Pain and other symptoms originating in the spine can have a major affect on an individual’s everyday life. Chronic axial pain is estimated to cost the United States $100 billion per year with approximately 40 million sufferers. This estimate does not include chronic pain caused by malignancy.1 Low back pain specifically is estimated to have the highest burden on the American healthcare system with neck pain coming in at number four.2 In some estimates the prevalence of low back and neck pain within an individual’s lifetime is as high has 80%.

Pain in the low back can be attributed to many causes and tissue types. These causes include, spinal facet injury, muscle spasm, degeneration of the dbasketball outsideisc, herniation of the disc, spinal stenosis and referral from other sources such as the sacroiliac joint. Often an individual can have multiple causes at once. Common complaints include: stiffness, dull sensations, sharp sensations and radiation of pain often into the leg.

Interventional Medicine is a medical specialty that focuses on non-surgical procedures to assist in the medication of pain through injection and other minimally invasive techniques.  In many cases, this specialty has played a pivotal role in the management and mediation of pain and discomfort. When addressing spinal pain, there are multiple treatment options dependent on symptoms and diagnosis. Included below are three procedures, which have shown to be effective for many individuals.

There are multiple treatment options for individuals suffering from chronic neck and low back pain. The most common options include physical therapy, chiropractic manipulative therapy, analgesics and anti-inflammatory medication. In some cases, surgical intervention is required to alleviate the pain and discomfort.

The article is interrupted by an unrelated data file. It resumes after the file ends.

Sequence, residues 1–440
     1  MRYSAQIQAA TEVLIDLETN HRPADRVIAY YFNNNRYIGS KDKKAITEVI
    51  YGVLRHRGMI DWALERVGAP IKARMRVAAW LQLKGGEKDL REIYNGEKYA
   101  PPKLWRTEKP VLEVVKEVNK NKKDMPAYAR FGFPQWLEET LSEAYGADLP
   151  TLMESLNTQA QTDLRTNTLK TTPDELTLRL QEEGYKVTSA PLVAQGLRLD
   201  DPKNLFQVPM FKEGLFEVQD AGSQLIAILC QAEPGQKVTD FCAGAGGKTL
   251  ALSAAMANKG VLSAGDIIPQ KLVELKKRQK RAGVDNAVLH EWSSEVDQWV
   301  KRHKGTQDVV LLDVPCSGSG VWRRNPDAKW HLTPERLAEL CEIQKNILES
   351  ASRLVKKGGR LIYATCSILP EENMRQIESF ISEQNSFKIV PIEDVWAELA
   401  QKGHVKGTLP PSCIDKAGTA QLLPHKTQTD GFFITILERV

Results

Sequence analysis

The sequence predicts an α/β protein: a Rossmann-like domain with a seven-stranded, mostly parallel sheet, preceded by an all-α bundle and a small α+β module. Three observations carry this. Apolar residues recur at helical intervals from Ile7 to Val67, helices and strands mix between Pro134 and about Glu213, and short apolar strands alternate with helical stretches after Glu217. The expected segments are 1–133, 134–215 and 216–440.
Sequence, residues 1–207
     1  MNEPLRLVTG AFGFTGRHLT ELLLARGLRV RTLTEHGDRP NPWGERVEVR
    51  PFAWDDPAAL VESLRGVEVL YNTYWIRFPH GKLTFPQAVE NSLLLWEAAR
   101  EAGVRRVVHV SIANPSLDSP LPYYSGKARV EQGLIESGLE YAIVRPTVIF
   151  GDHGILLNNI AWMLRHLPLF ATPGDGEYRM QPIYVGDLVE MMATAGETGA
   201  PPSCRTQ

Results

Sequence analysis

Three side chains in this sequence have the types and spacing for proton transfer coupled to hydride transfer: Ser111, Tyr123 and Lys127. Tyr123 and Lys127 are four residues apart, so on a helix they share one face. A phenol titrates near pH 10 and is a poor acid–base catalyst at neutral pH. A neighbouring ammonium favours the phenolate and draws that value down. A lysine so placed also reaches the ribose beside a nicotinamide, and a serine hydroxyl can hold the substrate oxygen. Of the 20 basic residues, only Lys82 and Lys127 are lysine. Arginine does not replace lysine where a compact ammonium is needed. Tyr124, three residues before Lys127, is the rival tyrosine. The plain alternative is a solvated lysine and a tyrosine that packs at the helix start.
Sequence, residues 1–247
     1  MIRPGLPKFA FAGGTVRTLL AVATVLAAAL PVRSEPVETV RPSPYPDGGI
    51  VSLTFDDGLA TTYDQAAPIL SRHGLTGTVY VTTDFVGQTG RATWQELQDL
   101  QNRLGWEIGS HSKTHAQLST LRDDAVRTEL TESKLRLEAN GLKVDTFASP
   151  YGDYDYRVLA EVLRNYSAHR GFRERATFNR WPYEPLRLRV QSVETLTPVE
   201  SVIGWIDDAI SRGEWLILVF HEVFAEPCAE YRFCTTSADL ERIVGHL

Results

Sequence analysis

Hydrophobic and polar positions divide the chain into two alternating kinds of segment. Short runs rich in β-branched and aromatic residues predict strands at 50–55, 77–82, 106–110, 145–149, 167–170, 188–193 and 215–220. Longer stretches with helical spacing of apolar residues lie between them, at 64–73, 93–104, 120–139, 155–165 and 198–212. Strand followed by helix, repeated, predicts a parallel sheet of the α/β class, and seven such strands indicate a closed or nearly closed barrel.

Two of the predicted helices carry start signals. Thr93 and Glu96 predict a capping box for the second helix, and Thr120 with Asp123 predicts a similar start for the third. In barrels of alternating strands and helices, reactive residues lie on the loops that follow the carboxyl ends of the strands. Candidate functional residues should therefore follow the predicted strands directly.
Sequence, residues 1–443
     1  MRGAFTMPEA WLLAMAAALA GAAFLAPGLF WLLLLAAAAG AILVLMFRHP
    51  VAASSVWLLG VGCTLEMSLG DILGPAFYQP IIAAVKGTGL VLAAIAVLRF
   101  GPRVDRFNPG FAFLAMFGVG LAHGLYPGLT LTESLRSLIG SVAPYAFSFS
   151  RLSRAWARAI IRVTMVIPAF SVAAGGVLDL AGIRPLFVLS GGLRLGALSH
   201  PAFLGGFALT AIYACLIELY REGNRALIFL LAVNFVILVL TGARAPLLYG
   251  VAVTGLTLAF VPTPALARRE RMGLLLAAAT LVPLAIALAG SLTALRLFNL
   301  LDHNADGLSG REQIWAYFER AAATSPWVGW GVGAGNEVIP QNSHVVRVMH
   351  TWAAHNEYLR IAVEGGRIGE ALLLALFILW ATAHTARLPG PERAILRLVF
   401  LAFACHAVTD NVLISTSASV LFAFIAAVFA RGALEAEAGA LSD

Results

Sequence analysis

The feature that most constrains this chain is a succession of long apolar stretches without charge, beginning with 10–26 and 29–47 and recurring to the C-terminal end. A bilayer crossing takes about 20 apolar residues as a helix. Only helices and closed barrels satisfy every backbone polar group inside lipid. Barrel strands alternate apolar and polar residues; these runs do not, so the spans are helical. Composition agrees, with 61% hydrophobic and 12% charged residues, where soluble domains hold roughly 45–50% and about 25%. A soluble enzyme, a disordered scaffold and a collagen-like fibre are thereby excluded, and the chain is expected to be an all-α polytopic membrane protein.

In cases where an individual’s pain is discogenic (caused by any injury to the intervertebral disc) or caused by an inflammatory response affecting the nerve root, the utilization of an epidural steroid injection (ESI) may be indicated. Epidural steroid injection is a procedure utilized to decrease inflammation and irritation within the spine. In an orthopedic setting an ESI can help with chronic low back, mid-back or neck pain. Among a variety of non-surgical procedures intended to treat axial pain, ESI is one of the most common.

The procedure is an image-guided injection containing a local anesthetic and corticosteroid. The anesthetic is used for short-term pain relief while the corticosteroid is meant to provide long-term relief.  The solution is injected into the epidural space of the spinal cord, which is the outermost section of the spinal cord and contains the spinal nerve root.

An ESI can be administered in three types: caudal, interlaminar and transforaminal. The interlaminar approach is from the posterior and is administere
d between the lamina of the spinal segment above and below. It is reported to be the most common as it is can deliver the medication closest to the injury site. Transforaminal application is a more lateral approach that focuses on the space where the nerve root exits. It has been shown to use the least medication due to its specificity at an individual segment. Caudal approach is from the inferior portion and is used exclusively in the lumbar spine. It is considered to be the easiest of the three procedures but is the least specific and requires the most medication.3 In many cases an individual patient may receive multiple approaches based on their reaction to other procedures, ongoing symptoms and diagnostics performed.

In cases where an individual is experiencing facet pain, a Radiofrequency Ablation (RFA) may be the most effective option. The facet joint, also called the zygapophyseal joint, is the area on the posterior section of the spine, which is made up of the superior articular process and inferior articular process of the adjacent vertebrae. The joint allows for motion of the spinal column in flexion, extension, lateral flexion and rotation.  When the facet joint is injured the adjacent nerve called the medial nerve detects the pain signal. The medial nerve innervation allows for pain signals to be sent to the brain and perceived by the individual.